Is It Better to Floss Before or After Brushing Teeth?

Is It Better to Floss Before or After Brushing Teeth?

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Poor dental hygiene produces immediate consequences that encourage proper care of your mouth. From cavities and gum disease to yellow teeth and bad breath, most people are sure to brush their teeth, use mouthwash, and floss regularly to avoid negative repercussions. Well, maybe not so much that last one! 


According to the National Library of Medicine, 68% of American adults reported flossing at least once weekly- a statistic wildly lower than the recommended by medical professionals. Many adults claim that they don’t get food stuck between their teeth; therefore, it’s a waste of time to floss- but they would be wrong. Even microscopic particles can cause long-term damage to your health. Others cite their reason for not flossing is out of pure inconvenience and not wanting to take the extra time out of their day. As much as some patients dislike flossing, it is a vital part of the oral hygiene regimen. Let’s take a closer look at why and when the best time to floss is!


So why is flossing important? Flossing removes plaque build-up and food from between teeth and gums. As a result, it drastically reduces the chances of cavities, gum disease, periodontal disease, bad breath, and even heart failure. Dentists recommend that you floss twice daily, but should you floss before or after brushing your teeth?


According to dentists, the common consensus is that flossing is more effective before brushing your teeth. 


Flossing loosens food particles and plaque, making it easier for your toothbrush to remove the remaining plaque from your teeth. So, floss removes the large and challenging-to-reach particles, and brushing does away with the remainder.

Even if you have all the excuses for skipping flossing in your oral hygiene routine, you should still consider its effects on your health. Browse through Cakmes Dental Studio’s resources to learn more about common illnesses seen from poor dental care and how to treat them.

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What are Cavities and How to Prevent Them

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We’ve all experienced the anxiety that accompanies a trip to the dentist’s office, often caused by one word: cavities. So what exactly are they?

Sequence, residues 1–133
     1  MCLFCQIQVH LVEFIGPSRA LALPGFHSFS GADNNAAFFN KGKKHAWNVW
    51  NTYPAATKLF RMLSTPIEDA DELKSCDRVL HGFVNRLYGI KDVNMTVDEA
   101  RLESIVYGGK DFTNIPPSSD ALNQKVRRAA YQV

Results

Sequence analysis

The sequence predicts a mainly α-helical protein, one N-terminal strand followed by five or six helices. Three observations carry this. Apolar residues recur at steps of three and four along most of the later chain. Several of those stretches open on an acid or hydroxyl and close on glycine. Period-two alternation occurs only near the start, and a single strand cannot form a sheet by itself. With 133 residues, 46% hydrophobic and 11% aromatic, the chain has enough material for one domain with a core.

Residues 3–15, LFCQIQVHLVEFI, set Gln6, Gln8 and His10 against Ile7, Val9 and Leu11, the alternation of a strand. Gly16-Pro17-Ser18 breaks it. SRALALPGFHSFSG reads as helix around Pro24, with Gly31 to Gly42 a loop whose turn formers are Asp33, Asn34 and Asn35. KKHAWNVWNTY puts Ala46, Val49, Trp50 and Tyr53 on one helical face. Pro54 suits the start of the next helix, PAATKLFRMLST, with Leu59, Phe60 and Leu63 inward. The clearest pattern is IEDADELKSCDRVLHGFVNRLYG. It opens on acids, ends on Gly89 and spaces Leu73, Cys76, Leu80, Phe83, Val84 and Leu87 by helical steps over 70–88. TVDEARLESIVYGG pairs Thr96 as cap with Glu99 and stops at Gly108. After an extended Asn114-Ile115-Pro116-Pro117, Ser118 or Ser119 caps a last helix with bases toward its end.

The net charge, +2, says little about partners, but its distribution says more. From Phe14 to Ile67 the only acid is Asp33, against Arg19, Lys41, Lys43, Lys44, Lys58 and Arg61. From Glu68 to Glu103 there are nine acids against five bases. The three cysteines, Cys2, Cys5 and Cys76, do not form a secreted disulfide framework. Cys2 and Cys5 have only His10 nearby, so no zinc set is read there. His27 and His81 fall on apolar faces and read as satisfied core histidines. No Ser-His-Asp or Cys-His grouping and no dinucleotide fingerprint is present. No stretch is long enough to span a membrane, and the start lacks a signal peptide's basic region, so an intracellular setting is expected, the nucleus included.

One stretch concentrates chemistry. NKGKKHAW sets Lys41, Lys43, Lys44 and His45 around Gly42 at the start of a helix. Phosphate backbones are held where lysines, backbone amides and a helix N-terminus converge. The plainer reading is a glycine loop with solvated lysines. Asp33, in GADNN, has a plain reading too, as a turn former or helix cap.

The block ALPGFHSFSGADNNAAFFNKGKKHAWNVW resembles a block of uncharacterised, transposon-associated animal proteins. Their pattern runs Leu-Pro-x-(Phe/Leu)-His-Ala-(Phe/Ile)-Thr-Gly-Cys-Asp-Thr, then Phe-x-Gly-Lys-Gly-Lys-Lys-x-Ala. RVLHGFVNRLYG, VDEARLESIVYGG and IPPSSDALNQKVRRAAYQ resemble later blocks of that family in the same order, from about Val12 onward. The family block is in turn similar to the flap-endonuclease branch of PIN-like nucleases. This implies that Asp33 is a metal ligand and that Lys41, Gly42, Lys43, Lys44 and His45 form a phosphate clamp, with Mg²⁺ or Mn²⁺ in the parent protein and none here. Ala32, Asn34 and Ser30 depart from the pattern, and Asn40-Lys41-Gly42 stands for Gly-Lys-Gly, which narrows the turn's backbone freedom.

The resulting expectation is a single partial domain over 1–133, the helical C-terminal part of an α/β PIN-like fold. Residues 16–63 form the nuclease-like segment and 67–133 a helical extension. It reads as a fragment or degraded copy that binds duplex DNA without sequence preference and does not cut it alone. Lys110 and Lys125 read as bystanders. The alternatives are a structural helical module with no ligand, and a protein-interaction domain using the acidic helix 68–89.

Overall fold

As defined by the Mayo Clinic, cavities are permanently damaged areas on the hard surfaces of teeth that appear as tiny holes. Also referred to as tooth decay, cavities are among the world’s most common health issues caused by poor oral hygiene and excessive sugar in the diet, which causes plaque and bacteria. While you may think tooth decay is more prevalent in children, all age groups can get them- 80% of Americans develop a cavity by their 30s.


You may already know that teeth are exposed bones covered in enamel, the hard coating that protects the tooth mentioned above. Unfortunately, tooth enamel cannot be replaced: once it has been eroded, only dental work can help repair it. So when cavities form, breaking down enamel, minor procedures called fillings must be done to prevent further damage. If not attended to, these holes can develop infections and abscesses. Be sure to learn more about fillings from a recent blog!


There are three types of cavities: smooth surface, pit and fissure, and root decay.


Smooth Surface: These are slow forming only within the enamel and are very treatable with fluoride solutions and very attentive dental cleaning.


Pit and Fissure: Occurring in the molars, pit and fissure cavities usually develop from plaque and food buildup due to infrequent toothbrushing. These can be treated with sealants.


Root Decay: As the name suggests, these only occur at the root of teeth, near the gum. This type is common in patients with receding gums, aging, and/or poor oral health and is treated with root canals and fillings.


Cavities of all kinds are preventable by consistent and thorough oral hygiene such as toothbrushing, flossing, mouth washing, and biannual checkups for monitoring. Reducing excess sugar from your diet will also help prevent cavities from forming.


If you are experiencing symptoms such as toothaches, bad breath, bleeding gums, and sensitivity to cold or hot foods, you should schedule an appointment with Cakmes Dental Studio for a proper exam and treatment plan.

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